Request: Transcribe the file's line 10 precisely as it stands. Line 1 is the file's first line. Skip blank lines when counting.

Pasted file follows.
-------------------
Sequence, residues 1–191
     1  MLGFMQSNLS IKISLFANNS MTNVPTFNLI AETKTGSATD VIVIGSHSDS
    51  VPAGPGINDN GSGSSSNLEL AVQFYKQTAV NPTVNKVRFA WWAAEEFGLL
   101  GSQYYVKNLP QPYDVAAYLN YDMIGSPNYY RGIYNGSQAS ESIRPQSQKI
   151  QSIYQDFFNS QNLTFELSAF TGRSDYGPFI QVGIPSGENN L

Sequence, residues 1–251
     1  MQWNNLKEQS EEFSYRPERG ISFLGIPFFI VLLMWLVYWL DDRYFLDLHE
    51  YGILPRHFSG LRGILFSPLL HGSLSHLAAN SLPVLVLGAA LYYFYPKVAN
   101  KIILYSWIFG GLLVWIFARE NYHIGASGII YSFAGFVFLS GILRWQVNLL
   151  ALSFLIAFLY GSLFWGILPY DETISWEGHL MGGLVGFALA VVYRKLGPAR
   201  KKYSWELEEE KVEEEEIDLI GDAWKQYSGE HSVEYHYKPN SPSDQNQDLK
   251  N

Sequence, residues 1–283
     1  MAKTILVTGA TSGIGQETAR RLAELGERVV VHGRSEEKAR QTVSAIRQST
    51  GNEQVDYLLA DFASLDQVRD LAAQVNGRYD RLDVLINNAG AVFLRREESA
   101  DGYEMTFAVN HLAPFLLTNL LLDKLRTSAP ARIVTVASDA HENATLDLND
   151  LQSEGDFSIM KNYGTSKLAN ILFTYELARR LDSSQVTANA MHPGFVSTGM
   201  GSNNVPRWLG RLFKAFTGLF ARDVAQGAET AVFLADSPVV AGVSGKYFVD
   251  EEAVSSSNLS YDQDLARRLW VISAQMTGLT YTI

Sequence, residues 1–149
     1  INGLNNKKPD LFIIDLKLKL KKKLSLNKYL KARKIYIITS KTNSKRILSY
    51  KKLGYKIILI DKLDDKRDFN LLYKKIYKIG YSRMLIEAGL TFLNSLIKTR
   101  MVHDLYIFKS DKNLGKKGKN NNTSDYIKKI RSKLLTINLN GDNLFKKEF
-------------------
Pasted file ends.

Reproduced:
   151  ALSFLIAFLY GSLFWGILPY DETISWEGHL MGGLVGFALA VVYRKLGPAR